Japan’s main stock market nose-dived for a second day Wednesday, as a stampede of sell orders forced the shut-down of the world’s second-biggest stock exchange, as investors were spooked by fall-out from a widening investigation into Internet company Livedoor.
The benchmark for the Tokyo Stock Exchange plunged 2.9 percent Wednesday in a session that had to be shortened by 20 minutes because of a surge in transactions — the first time it has ended early because it could not handle trading volume.
The Nikkei 225 index dropped 464.77 points to close at 15,341.18 points, its biggest one-day drop since May 10, 2004.
The sell-off in Tokyo weighed on European stocks, but did not weigh very heavily on the U.S. stock market. U.S. stock futures fell sharply early Wednesday morning, indicating a drop at the start of trading, but when the U.S. market opened only the technology sector saw a steep drop, reacting to worse-than-expected results from high-tech bellwethers Intel and Yahoo.
In Tokyo Wednesday, share prices extended losses from Tuesday, when the Nikkei fell 2.8 percent, following Japanese newspaper reports that the investigation that had started Monday was expanding. The index has fallen nearly 6 percent the last two days.
“Individual and foreign investors are selling in a panic,” said Satoru Otsuka, senior economist at Mizuho Research Institute in Tokyo. “The problem is that we have no idea how the Livedoor problem will unfold.”
Investors and the Japanese public alike were stunned when prosecutors marched into the Tokyo headquarters of Livedoor Monday evening on suspicion of violation of securities laws by giving false information.
Livedoor is headed by 33-year-old Takafumi Horie, who has risen to celebrity status as a geeky entrepreneur — a rarity in Japan. He has made unsuccessful attempts to buy a media conglomerate and a baseball team and frequently appears on TV.
Report: Livedoor concealed 1 billion yen
The national daily Yomiuri Shimbun reported that Livedoor is suspected of concealing a 1 billion yen ($8.7 million) deficit for the full-year results ending September 2004.
Horie denies any wrongdoing, and authorities would not comment on the Yomiuri report.
The Japanese media have dubbed the whole affair “Livedoor shock,” which has garnered banner headlines and intense news coverage the last two days.
Internet-related stocks like Softbank Corp. and Yahoo! Japan got hit in the market’s plunge, but blue-chip electronics firms like Canon Inc., Toshiba Corp. and Sony Corp. also fell.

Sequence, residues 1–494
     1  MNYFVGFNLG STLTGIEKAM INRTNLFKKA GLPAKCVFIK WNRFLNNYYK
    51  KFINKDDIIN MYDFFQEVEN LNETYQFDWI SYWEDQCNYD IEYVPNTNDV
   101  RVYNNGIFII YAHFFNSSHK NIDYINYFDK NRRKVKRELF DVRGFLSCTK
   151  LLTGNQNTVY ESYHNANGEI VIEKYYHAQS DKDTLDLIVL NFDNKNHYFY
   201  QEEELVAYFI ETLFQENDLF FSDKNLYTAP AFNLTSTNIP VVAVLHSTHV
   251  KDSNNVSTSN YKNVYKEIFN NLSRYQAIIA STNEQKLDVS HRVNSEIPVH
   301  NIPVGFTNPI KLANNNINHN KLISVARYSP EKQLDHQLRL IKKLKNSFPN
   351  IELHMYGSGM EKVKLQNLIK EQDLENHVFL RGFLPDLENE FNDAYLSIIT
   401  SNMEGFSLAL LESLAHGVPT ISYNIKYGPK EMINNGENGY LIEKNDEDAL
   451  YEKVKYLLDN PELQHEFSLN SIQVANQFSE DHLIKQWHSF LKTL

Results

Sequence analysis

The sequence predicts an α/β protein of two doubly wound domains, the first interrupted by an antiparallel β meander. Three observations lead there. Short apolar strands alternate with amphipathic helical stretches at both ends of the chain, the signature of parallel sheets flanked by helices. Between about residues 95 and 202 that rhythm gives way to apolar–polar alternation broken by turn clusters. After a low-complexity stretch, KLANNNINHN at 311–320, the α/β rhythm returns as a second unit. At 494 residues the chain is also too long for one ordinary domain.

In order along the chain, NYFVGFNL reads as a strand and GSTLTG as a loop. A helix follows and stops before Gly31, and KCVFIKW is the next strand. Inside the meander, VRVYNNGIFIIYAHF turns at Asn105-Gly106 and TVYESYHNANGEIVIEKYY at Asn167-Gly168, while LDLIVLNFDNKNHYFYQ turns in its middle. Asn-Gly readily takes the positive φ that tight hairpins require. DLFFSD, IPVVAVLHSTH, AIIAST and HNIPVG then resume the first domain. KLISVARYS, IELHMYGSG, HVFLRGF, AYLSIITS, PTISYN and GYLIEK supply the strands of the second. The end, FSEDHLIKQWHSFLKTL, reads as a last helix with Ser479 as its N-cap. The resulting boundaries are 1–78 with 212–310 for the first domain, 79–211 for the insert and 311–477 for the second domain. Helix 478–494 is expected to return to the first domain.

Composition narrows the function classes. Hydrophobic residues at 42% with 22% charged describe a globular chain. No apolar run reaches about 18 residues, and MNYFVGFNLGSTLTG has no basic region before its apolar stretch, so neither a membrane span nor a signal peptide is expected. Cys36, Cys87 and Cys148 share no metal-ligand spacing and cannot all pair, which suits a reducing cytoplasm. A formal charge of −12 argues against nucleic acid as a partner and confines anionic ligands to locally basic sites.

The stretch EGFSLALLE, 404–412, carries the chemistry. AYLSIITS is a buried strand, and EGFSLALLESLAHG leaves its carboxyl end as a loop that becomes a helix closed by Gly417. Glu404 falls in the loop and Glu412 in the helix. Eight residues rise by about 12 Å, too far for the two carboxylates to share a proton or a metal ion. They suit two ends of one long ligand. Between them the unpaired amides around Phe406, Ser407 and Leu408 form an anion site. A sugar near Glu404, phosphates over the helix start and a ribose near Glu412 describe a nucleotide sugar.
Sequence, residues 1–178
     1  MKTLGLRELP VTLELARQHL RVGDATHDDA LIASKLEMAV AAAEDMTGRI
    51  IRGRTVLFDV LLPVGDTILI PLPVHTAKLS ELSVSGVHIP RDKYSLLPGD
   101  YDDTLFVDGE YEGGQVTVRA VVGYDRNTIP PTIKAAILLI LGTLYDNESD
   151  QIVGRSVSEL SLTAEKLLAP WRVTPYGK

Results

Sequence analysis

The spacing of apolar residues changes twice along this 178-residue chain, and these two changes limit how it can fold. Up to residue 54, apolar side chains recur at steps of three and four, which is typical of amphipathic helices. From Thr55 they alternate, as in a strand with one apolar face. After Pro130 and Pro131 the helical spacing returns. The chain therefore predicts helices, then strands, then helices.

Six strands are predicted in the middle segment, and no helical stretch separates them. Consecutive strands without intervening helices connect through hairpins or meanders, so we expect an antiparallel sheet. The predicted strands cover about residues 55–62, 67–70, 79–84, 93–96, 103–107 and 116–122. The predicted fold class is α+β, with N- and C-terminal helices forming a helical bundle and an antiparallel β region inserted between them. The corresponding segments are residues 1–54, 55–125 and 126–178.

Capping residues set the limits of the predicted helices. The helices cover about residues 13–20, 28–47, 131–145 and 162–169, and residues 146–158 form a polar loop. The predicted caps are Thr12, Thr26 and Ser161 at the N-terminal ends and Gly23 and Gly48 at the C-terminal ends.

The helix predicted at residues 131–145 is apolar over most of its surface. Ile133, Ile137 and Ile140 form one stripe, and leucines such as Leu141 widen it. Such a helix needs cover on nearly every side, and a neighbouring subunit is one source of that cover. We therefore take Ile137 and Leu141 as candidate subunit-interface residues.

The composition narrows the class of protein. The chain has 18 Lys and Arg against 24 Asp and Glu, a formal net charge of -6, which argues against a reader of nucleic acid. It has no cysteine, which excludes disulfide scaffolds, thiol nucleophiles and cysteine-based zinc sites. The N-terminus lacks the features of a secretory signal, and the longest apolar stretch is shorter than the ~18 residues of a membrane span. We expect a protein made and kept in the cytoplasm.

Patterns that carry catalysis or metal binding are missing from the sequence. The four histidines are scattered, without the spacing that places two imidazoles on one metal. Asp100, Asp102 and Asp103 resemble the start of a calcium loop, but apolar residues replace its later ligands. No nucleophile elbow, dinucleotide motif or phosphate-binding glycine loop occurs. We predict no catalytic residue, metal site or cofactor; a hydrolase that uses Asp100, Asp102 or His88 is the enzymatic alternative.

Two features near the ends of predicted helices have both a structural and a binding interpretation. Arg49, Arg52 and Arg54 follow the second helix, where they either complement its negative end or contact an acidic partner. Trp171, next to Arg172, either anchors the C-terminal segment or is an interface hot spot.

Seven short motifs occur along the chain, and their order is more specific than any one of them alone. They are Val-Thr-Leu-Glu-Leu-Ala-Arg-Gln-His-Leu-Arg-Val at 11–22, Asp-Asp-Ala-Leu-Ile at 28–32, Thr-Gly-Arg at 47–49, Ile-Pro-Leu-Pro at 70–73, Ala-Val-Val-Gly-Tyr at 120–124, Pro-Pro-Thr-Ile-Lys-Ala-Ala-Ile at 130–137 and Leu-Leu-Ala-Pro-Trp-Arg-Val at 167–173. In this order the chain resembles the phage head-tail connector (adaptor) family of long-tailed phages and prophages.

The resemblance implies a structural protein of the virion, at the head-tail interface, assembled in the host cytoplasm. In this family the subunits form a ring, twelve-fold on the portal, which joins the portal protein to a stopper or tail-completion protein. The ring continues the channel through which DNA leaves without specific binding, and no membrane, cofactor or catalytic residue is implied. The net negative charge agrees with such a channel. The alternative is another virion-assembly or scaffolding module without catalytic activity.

Those losses could also be partly attributed to investor disappointment over to earnings results Tuesday from U.S. chipmaker Intel Corp. and Web giant Yahoo Inc., which were lower than analysts’ expectations.
Also, some investors used the probe as an excuse to sell stocks after the market had gained 40 percent last year amid signs of a long-awaited economic recovery here.
Dealing an extra blow was the unusual warning from the Tokyo Stock Exchange about halting trading as it got flooded with orders and was unable to process them, said Seiichi Miura, investment strategist at Mitsubishi UFJ Securities Co.
Once it became clear the market was selling off for a second day, investors seemed to panic and rushed to sell before the session ended.
“The cause was threefold — Livedoor, America and a mess-up by the Tokyo Stock Exchange,” Miura said. “People got worried about what’s going to happen tomorrow if we can’t sell today.”
Trading halted 20 minutes early
Earlier Wednesday, the Tokyo exchange had issued a warning it would stop trading if the system capacity limit of 4 million transactions was reached. As it reached 3.5 million about an hour before the session’s close, it announced it would stop trading 20 minutes early.
Trading volume, which is a higher measure because each transaction typically involves many shares, was 3.28 billion on the first section Wednesday, up from 2.465 billion on Tuesday.
The Tokyo exchange plans to delay the start of afternoon trading 30 minutes on Thursday, in anticipation of increased trading volume, Kyodo News Agency reported. The afternoon session is scheduled to begin at 1 p.m. local time (0400 GMT), Kyodo said.
“We plan to restart the exchange as normal and will keep a close watch on how trading develops,” Exchange President Taizo Nishimuro told reporters. “Our goal is to handle things in a way that won’t invite confusion to the market.”
Livedoor’s shares were briefly suspended during morning trading and closed unchanged at 596 ($5.18), after falling 14.4 percent Tuesday.
The market sell-off and the early close of trading could put a big damper on investor enthusiasm for Japanese stocks.
Confidence in the Tokyo exchange, the world’s second biggest bourse, had already been damaged by a system crash from a computer malfunction Nov. 1, when trade was suspended for all but the final 90 minutes.
Economics Minister Kaoru Yosano demanded a report from the exchange on its decision to shorten trading.
The aftermath of the Livedoor probe has been greater than what may be expected because of the wide attention its vivacious chief executive Horie has enjoyed in the last couple of years from the Japanese public as a pioneer in new-style management that challenged stodgy tradition.
Geeky entrepreneurs sporting T-shirts and jeans are rare in Japan, and Horie and his defiant mannerisms and glamorous lifestyle fascinated people here.
As a high-profile issue among ventures, Livedoor was popular among individual investors, and a plunge in its stock was apt to influence other shares because some people used Livedoor stock as security on loans to buy other technology stock, Miura said.